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‘Live for Life’ is the classic Easy Listening soundtrack you must know

Claude Lelouch’s Vivre pour Vivre (“Live for Life”) tells the tale of a torrid affair between Robert, a famous—and philandering—war correspondent (Yves Montand) and Candice, a volatile 21-year-old American fashion model in Paris (Candice Bergen, looking incredibly gorgeous here) and how it causes the disintegration of his already shaky marriage to Annie Girardot’s gentle, sorrowful Catherine.

It’s a beautiful film—lensed by Lelouch himself—with scenes shot in Paris, Nairobi and Amsterdam, but even so, it’s Bergen’s incredible face that steals the attention each and every time she appears onscreen.

Vivre Pour Vivre was one of the most successful French films of all time and nominated for an Academy Award as Best Foreign Language Film in 1968. Today the film is probably best remembered—at least outside of France—for its lush Françis Lai soundtrack, in particular the title theme which has become something of an instrumental easy listening “standard” and the themes for each of the three main characters.

The composer stayed close to the formula he’d established for his previous collaboration with Lelouch on A Man and A Woman: “la la la” scat singing, briskly pounded piano, organ and clavichord, electric guitar and histrionic strings. It’s very easy to find this soundtrack, and other Françis Lai soundtracks cheap in used record stores. The next time you see this, or his soundtrack to Lelouche’s A Man and a Woman, don’t pass them by.
“Thème de Candice”:

More easy listening after the jump…

Posted by Richard Metzger | Leave a comment
Esquivel: The meticulous Mexican maestro of Space-Age Bachelor Pad Music
06:52 pm


easy listening

In the early 1970s Jamaican dubmeisters supreme King Tubby and Lee “Scratch” Perry collaborated on an album called Blackboard Jungle wherein each mixed one channel of stereo down to what amounted to two separate mono mixes. It’s breathtakingly ingenious—not to mention a terribly elaborate and work intensive process—but it doesn’t hold a patch on what “easy listening” legend Juan Garcia Esquivel got up to a decade prior. He’d sometimes use an entire orchestra in each channel, the musicians sitting in adjoining recording studios…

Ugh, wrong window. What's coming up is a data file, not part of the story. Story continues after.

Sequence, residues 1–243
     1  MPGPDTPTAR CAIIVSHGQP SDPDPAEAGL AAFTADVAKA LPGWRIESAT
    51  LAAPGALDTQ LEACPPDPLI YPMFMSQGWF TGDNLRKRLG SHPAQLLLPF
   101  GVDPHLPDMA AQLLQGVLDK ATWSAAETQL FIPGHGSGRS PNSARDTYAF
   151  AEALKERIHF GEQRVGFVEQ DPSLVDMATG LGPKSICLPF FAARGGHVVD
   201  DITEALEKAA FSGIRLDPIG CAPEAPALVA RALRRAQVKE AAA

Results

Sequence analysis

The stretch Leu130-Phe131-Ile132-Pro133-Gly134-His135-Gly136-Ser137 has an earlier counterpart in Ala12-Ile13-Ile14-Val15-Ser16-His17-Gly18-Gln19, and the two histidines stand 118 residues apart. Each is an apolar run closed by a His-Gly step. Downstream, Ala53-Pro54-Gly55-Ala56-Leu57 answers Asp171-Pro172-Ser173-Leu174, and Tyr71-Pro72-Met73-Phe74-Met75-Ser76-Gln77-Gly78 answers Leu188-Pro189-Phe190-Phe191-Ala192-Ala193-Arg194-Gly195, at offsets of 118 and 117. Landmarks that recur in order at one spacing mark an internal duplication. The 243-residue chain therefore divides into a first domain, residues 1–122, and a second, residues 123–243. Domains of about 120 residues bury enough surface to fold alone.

Have a listen to “Mucha Muchacha” from Esquivel’s 1962 album, Latin-Esque—this is some serious stuff, is it not?

Mexico City-raised Esquivel was the primary creator of the sub-genre of easy listening that was retrospectively called “Space-Age Bachelor Pad Music” (a term coined by DM pal, artist/Subgenius Byron Werner). His innovative, idiosyncratic (and instantly recognizable) music made full use of the vast possibilities of the newfangled stereophonic soundscape—exotic instrumentation, quick-change dynamics, polyphonic percussion, ping-ponging sound effects—and the perfectionist composer, arranger and pianist created the sort of record albums that insured they were used to demonstrate the highest fidelity stereo equipment. Incredibly, he was an entirely self-taught musician.

Continues over…

Posted by Richard Metzger | Leave a comment
The Joy of Easy Listening
11:25 am


easy listening

A kind soul has posted the new BB4 documentary,The Joy of Easy Listening on YouTube. If this is from the same team who did the great Synth Britannia doc, it should be pretty good. Watch it quick before it evaporates:

In-depth documentary investigation into the story of a popular music that is often said to be made to be heard, but not listened to. The film looks at easy listening’s architects and practitioners, its dangers and delights, and the mark it has left on modern life.

From its emergence in the 50s to its heyday in the 60s, through its survival in the 70s and 80s and its revival in the 90s and beyond, the film traces the hidden history of a music that has reflected society every bit as much as pop and rock - just in a more relaxed way.

Invented at the dawn of rock ‘n’ roll, easy listening has shadowed pop music and the emerging teenage market since the mid-50s. It is a genre that equally soundtracks our modern age, but perhaps for a rather more ‘mature’ generation and therefore with its own distinct purpose and aesthetic.

Contributors include Richard Carpenter, Herb Alpert, Richard Clayderman, Engelbert Humperdinck, Jimmy Webb, Mike Flowers, James Last and others.

Here’s the first part, you can watch the rest on YouTube:

Posted by Richard Metzger | Leave a comment
Merry Crassmas: Anarcho-punk goes Muzak (+ bonus Penny Rimbaud interview)

The charming cover of Merry Crassmas

Click play to hear all of Merry Crassmas!
The end of 1981 likely saw highly influential British anarcho-punk band Crass both energized and exhausted after dropping their third album, the remarkably complex feminist manifesto Penis Envy.

One speculates that the idea for their final release of the year came to the band as a “eureka!” moment. Why not release a 7” novelty record made up of a department-store-style, organ-and-drum-machine medley of their anthemic and obnoxious tunes, including “Big A Little A,” “Punk is Dead,” “Big Hands,” “Contaminational Power” and others? Slap on an innocuous Santa Claus intro and obnoxious outro at the end, pop it into a sleeve with a strange and horrific collage of an Xmas-day family holiday scene by Gee Vaucher, and you’ve got an instant inside-joke punk classic on your hands.

As a horror-day bonus for you Crass-heads, here’s a wide-ranging, as-yet-spotlighted 2007 interview from with your man, drummer Penny Rimbaud…

Part 2  |  Part 3  |  Part 4  |  Part 5  |  Part 6  |  Part 7  |  Part 8 
Previously on Dangerous Minds:
Crass remasters and epic interview
Crass: There is No Authority But Yourself
Music for Crass: Mick Duffield’s Christ the Movie
The unexpected Crass-Beatles Nexus Point

Posted by Ron Nachmann | Leave a comment